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Science journalist Mary Roach has chosen the alimentary tract as the subject of her latest book. She takes us on a tour through the digestive tube from the entrance to the back passage with flexible scope for illuminating the journey with extraordinary facts and figures on the way. The tales of eccentric scientists and their studies along with the footnotes are worth the price of admission to the exploration alone. Taste and smell are the doormen for the digestive tract, chemical scanners for possible dangerous elements (bitter, sour) and desirable (salty and sweet). Saliva is more than a lubricant. It contains enzymes that start breaking down food that are also used in laundry detergents. How we chew is a physiological fingerprint and we learn of Fletcherism, chewing each bite at least 70 times to release nutrients, still used today by some as a slimming aid. Chew and spit as a weight loss strategy is mentioned. Elton John was falsely accused of practising this by a tabloid and received healthy damages. Chewing without swallowing is counterproductive. Everything above the neck (smelling, tasting, seeing) drives eating and everything below puts the breaks on. Why do we enjoy crispy, crunchy foods that the food industry has exploited? Why do Inuits prefer Caribou liver, brain, eyes and stomach contents to eat rather than steak, or babies preferring brain and bone marrow over sweet foods when presented with a selection of mashed foods? The likely answers are here.

Air swallowing (aerophagia) or overeating producing burps , belching and heartburn are explained, as are stomach rupture and competitive eating with startling revelations. The small bowel is not given much detail (it absorbs digested food) although stories of 'tummy' rumbles due to gas (borborygmi) led patients to believe they had snakes, frogs or newts inside them sometimes resulting in needless surgery, in the 1800's. The large bowel (colon) and beyond are more interesting to the author. Smuggling drugs, mobile phones, razor blades, but not explosives, either by swallowing or rectal insertion (hooping) are covered. Flatus and it's many properties are discussed in detail with anecdotes of the dangers of its flammability. Megacolons (both grossly increased in length and diameter) are linked to constipation and death. Elvis Presley is subjected to lengthy speculation concerning the role of his large bowel in the cause of his demise. The colon is a drying machine with the products stored in the rectum before passage to the sensitive anus ('it has to know what's knocking on it's back door') before defaecation. The use of per anum (via the anus) is amusingly confused with per annum (yearly). Hence the Sri Lankan importer who needed 3,600 metric tons of garlic per anum and someone who questioned how many people died from horse riding per anum?

Mary Roach has given a humorous well-researched account of the subject in her inimitable style. As a doctor I am familiar with the digestive tract and particularly enjoyed the history, bizarre facts and presentation from a completely different perspective. Recommended as a funny and educational read without laying the science on too thickly.
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TOP 500 REVIEWERVINE VOICEon 21 September 2014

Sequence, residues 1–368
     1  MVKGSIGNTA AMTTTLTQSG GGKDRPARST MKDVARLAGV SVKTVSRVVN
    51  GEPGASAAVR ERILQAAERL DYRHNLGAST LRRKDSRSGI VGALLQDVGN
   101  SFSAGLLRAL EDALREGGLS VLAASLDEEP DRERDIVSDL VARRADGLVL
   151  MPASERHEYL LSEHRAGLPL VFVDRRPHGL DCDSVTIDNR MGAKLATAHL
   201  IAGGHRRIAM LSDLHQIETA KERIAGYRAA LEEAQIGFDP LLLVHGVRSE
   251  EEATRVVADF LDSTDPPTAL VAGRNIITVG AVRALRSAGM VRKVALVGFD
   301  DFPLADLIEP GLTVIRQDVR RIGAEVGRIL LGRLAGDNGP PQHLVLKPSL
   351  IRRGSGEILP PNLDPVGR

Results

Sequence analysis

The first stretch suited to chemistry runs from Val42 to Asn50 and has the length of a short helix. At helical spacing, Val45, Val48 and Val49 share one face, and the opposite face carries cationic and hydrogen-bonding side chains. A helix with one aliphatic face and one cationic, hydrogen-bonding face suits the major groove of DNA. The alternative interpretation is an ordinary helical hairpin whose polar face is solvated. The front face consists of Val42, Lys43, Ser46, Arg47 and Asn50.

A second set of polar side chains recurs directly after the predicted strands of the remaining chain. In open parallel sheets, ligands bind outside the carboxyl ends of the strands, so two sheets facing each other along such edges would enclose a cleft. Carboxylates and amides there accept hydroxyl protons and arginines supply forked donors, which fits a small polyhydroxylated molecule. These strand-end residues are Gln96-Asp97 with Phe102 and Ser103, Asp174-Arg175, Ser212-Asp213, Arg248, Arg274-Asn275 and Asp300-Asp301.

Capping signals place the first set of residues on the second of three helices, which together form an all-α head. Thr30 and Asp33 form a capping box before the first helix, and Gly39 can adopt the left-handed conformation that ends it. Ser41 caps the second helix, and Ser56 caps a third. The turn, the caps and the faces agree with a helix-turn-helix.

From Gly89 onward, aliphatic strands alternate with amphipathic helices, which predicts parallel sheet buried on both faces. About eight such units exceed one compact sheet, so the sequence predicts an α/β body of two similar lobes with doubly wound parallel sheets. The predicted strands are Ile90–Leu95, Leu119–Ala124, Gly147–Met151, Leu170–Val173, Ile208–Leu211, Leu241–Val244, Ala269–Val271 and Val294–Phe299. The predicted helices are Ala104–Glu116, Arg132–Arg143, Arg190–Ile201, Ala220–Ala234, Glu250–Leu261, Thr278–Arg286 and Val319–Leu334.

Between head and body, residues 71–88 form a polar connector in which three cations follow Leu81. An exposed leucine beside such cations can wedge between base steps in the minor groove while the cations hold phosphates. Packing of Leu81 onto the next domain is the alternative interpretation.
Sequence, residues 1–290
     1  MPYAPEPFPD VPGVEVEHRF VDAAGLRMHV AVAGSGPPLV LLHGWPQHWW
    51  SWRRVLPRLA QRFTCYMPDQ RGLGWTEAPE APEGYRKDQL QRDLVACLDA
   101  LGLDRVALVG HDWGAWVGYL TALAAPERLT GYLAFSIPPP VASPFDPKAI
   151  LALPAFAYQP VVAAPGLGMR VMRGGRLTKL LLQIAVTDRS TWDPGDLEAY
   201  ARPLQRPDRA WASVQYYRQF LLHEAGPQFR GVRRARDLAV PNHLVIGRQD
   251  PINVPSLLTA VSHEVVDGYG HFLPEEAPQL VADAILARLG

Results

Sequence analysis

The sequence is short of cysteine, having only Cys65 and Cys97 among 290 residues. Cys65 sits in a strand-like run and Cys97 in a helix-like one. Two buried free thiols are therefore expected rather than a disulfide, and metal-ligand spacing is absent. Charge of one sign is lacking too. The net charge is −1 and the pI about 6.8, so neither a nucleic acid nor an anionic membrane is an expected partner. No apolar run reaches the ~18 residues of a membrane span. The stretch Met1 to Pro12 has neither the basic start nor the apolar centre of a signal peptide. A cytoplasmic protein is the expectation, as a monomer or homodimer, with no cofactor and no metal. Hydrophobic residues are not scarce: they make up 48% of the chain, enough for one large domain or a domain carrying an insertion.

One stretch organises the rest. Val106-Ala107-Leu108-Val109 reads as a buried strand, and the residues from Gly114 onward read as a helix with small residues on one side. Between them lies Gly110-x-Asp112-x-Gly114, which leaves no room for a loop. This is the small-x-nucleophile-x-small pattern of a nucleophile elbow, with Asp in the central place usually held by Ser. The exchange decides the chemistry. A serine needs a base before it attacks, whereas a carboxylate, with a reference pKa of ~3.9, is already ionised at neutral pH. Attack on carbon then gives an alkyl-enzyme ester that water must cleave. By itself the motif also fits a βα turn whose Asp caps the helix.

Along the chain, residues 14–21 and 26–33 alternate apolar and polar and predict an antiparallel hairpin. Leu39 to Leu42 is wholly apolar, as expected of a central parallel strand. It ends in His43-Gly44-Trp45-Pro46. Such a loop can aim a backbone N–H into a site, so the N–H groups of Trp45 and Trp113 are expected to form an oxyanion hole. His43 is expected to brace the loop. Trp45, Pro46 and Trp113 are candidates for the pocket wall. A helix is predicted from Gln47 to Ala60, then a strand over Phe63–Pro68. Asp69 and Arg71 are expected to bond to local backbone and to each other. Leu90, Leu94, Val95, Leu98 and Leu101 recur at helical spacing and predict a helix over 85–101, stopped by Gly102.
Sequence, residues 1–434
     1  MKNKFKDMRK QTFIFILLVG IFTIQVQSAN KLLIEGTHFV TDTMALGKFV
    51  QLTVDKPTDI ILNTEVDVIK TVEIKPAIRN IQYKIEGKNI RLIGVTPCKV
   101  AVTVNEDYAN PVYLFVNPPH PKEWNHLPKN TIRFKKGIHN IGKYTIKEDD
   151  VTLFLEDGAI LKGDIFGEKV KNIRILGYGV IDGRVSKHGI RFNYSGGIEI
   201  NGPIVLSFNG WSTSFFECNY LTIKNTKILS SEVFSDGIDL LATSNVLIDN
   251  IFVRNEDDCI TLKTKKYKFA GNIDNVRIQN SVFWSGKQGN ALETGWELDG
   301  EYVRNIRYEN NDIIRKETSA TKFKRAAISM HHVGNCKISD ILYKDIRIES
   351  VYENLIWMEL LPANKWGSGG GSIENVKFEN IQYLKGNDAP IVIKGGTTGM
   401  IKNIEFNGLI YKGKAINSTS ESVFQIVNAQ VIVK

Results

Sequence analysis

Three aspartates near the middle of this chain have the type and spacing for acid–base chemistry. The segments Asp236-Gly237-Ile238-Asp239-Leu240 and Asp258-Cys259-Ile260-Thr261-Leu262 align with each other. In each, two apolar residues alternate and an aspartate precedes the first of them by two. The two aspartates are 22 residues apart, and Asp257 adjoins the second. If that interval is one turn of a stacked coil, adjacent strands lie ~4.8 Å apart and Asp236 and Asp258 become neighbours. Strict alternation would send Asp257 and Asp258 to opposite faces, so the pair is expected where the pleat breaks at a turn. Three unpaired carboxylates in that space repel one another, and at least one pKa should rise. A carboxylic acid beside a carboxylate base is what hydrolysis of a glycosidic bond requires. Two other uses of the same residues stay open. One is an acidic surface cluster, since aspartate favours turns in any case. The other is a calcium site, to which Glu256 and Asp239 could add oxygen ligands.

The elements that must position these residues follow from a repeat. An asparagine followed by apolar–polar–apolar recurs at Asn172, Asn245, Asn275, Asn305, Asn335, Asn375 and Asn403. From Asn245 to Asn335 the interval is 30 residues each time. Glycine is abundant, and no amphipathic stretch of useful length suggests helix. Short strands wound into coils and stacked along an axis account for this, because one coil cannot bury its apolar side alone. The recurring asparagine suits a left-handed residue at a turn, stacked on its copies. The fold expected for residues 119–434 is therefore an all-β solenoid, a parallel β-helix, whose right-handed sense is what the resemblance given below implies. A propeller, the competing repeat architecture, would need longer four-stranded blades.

This book is a clever idea and mostly I found it fascinating. It is the story of our digestive system from the mouth (saliva, taste, tongue, etc.) all the way through the body to the end ... The author tells us some science about it, some anecdotes about strange anomalies that people have had, and how scientists have discovered the facts about our body as well as some of the inaccurate ideas that they had in the past.

The book is a bit of a mixture and dots around from topic to topic whilst keeping in the same area of the body. What is included seems to be at the author's whim rather than anything systematic so you learn more science about one part of the body and more anecdotes about others. I liked the eclectic nature of the content and found the stories and science equally fascinating.

The author has a particular writing style which involves humorous quips as asides and footnotes. This is quite amusing to start with but rather grates by the end - a little too much of a good thing. She is also rather obsessed with what her interviewees are wearing.

I wouldn't say that the book was gruesome but it is dealing with bodily functions (you can work out which ones) and thus is quite graphic in places. Some of the anomalies people have had in their digestive systems are described with a certain amount of glee and there is also some description of some disturbing animal experiments (in the past). I didn't have an issue with any of this because it all added to the book and the story that the author was telling but if you get a bit queasy you might want to avoid some of the pages.

I was pleased I had read this book - I was entertained and informed.
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VINE VOICEon 27 July 2014
Gulp tells you all, and much much more than you needed to know about the act of eating, tasting, digesting and excreting all that we take into our mouths.
Mary Roach not only follows the food we eat through our digestive tract but recounts past medical oddities, digestion habits of various animals and what Elvis really died of.
It is a fascinating if sometimes slightly repulsive look into our inner workings.
Roach makes information quite accessible to those who have not considered digestion (except when it pains us) and is quite amusing and light-hearted about her research.
I did, at one stage sit down to eat lunch while reading this but found this was not a good idea at all.
An interesting book.